Elsewhere, 2 RED PHALAROPES were seen on pelagic trip out of Simon’s Town on Saturday, 2 AFRICAN PALM SWIFTS were reported at Rietvlei on Saturday, the AFRICAN JACANA was still at Little Princess Vlei this afternoon and, up on the west coast, the AMERICAN GOLDEN PLOVER and RED-NECKED PHALAROPE were also still at Kliphoek Salt Pans in Velddrif yesterday. A LESSER CRESTED TERN was found at Rooisand Nature Reserve on Friday and was still there on Saturday, the locally mega WOODLAND KINGFISHER was still at Jonkersrivier farm, between Worcester and Villiersdorp, today, a LESSER SAND PLOVER was seen at De Mond Nature Reserve on Saturday and a EUROPEAN ROLLER was found just outside Bredasdorp at -34.509, 20.077 earlier today. Over on the Garden Route, 3 TEMMINCK’S COURSERS were reported flying and calling over Kingswood Golf Estate in George on Friday while the remaining records all concerned AFRICAN PIED WAGTAILS with one in Victoria Bay on Saturday, another found in the Knysna Waterfront Yacht Club parking area on Friday and the birds also still around the Cape Nature picnic site on the Keurbooms River in Plettenberg Bay yesterday.



Crested Honey Buzzard in Somerset West

© Gabriel Jamie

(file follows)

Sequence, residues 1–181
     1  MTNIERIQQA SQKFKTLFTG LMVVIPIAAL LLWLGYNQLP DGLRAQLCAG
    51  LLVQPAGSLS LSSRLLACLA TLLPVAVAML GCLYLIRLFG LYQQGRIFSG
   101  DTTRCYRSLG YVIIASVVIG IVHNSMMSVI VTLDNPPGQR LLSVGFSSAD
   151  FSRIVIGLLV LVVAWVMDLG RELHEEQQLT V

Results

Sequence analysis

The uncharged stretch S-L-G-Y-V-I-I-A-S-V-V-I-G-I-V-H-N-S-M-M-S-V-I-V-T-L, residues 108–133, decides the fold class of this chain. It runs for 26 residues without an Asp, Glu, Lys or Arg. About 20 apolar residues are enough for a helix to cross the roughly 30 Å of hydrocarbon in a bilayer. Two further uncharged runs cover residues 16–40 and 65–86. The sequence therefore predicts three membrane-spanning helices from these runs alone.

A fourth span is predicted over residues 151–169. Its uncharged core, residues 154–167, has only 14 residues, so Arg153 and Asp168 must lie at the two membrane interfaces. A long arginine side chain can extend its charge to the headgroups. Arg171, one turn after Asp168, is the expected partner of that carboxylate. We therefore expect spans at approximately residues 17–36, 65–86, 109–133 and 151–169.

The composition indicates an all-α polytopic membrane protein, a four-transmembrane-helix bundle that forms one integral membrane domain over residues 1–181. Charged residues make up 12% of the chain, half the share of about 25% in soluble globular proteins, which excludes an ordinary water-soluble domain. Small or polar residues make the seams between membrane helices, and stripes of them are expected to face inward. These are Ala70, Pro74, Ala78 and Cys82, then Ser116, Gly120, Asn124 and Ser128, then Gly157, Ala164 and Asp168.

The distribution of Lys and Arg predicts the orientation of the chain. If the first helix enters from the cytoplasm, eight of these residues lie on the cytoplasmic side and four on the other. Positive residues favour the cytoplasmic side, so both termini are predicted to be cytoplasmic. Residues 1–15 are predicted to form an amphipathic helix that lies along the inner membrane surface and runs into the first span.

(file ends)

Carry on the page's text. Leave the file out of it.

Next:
Crested Honey Buzzard in Somerset West

© Jenny Wentzel



Crested Honey Buzzard in Somerset West

© Joel Radue


Crested Honey Buzzard in Somerset West

© Stephan Wolfart



Lesser Crested Tern at Rooisand Nature Reserve

© Johan van der Westhuizen

Lesser Crested Tern at Rooisand Nature Reserve

© Lester van Groeningen



Woodland Kingfisher at Jonkersrivier farm

© Alice Moller

Woodland Kingfisher at Jonkersrivier farm

© Philip Bredenhann



Woodland Kingfisher at Jonkersrivier farm

© Dana Goldberg

Lesser Sand Plover at De Mond Nature Reserve

© Dean Boshoff



African Pied Wagtail in Plettenberg Bay

© Jacky Stassen

African Pied Wagtail at Knysna Waterfront Yacht Club

© Jacky Stassen



In the Eastern Cape, the mega SOOTY GULL was still at Kei Mouth on Saturday while, after a long period of no reports, the BROAD-BILLED SANDPIPER was picked up there again on Saturday as well. Other lingerers included the 3 EURASIAN OYSTERCATCHERS still at the Gamtoos River estuary on Saturday, the PACIFIC GOLDEN PLOVER still at Hamburg yesterday and several WHITE-WINGED WIDOWBIRDS still on the private farm near Cradock on Saturday while other new records included both a LILAC-BREASTED ROLLER and a BLACK-CHESTED SNAKE EAGLE seen around the Grootfontein College of Agriculture in Middelburg yesterday and a pair of VIOLET-BACKED STARLINGS seen on an Olive farm, just north of Shamwari Private Game Reserve, at -33.351, 26.203 yesterday as well.